Our largest recipient last year was the Greater Boston Food Bank. Once the produce is delivered to them it goes out to their very deep network of pantries and meal plan programs. You can check out all of our recipient organizations on the website.
How are you handling the your growth as an organization?
Right now we have a great staff that is helping tremendously. Working with farmers takes particular communication skills and I’m lucky that our staff is good at this. We are in need of more volunteers this year. Please get in touch if you’re interested.
What is your greater impact on food waste in America
We know that once unused food enters the this chain, it ends up in dumpsters, creating methane gas. This is negative for a number of reasons. Along the way to a dumpster, there are many ways to decrease food waste but our goal is keep food out of the supply chain all together–going straight from the farm to people who are hungry.
In hunger relief there is a lot of processed food and our feeling is that people who are trying to better themselves, need basic nourishment or it won’t be successful. Gleaning gives them a better chance.
All this sunshine got you thinking about tomato season? Me too. If you started plants indoors, get them out for a little sun while we have it.
And while we wait for the long hotter days of summer, here’s a simple, super flavorful cherry tomato pasta recipe from Chef Sara Jenkins.
Spaghetti with Sun-burst Tomatoes and Grated Bottarga
(from The Four Seasons of Pasta by Sara Jenkins and Nancy Harmon Jenkins, Avery Books)
Bottarga is the dried roe of either mullet or tuna, and an age-old Mediterranean tradition It is expensive, but a little goes a long way.
Bottarga adds complexity and depth to the basic dish, but if you don’t have it, the pasta is still good with its tomato sauce. Without bottarga, however, we’d substitute basil for the arugula and garnish with grated parmigiano or grana padano cheese.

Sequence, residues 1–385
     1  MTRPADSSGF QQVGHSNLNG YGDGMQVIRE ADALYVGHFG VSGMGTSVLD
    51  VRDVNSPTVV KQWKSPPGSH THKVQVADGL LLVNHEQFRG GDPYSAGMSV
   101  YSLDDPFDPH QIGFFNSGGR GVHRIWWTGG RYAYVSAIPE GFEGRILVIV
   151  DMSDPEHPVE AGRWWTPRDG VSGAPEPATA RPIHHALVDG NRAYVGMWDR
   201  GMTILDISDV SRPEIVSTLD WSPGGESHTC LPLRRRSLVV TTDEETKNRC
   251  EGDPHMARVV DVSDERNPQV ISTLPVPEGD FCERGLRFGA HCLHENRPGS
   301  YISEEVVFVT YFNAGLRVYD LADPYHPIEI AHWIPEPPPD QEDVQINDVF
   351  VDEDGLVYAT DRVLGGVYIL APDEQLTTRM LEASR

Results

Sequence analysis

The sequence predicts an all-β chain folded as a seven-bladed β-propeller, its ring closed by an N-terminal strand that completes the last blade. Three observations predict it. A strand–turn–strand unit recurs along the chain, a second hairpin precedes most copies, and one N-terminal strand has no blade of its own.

If possible select from an array of little grape and cherry tomatoes, red and yellow, mixing them up for a colorful presentation.
Ingredients Serves 6
¼ cup extra-virgin olive oil
2 or 3 pints (about 2 pounds) mixed small tomatoes—cherry, grape, and currant
Fine sea salt and freshly ground black pepper
2 garlic cloves, thinly sliced
About 1 pound (500 grams) spaghetti
Handful of chopped fresh arugula, leaves only (discard tough stems)
2/3 cup grated or shaved bottarga
Bring 4 to 6 quarts of water to a rolling boil.
While the water is heating, add the oil to a large heavy skillet and set over medium-high heat. When the oil is very hot (but not smoking) add half the tomatoes, sprinkle them quickly with salt and cook, tossing the skillet, until the tomatoes start to wrinkle and collapse. Add the rest of the tomatoes and continue cooking and tossing for another 2 minutes. (Yes, some of the tomatoes will be more cooked than others—that’s the point.)
Push the tomatoes to one side and add the garlic to the pan. As the garlic starts to soften, mix it in with the tomatoes, gently pressing the tomatoes to release some of their juices. When the sauce is thick, remove from the heat and add a pinch of salt and a few turns of the peppermill. Keep the sauce warm until the pasta is done.
Add salt and pasta to the boiling water and cook according to directions below.
Drain the pasta when it’s al dente, transfer to a warmed bowl, and immediately toss with the warm tomato sauce, stirring in the parsley. Toss again, then sprinkle with the bottarga and serve immediately.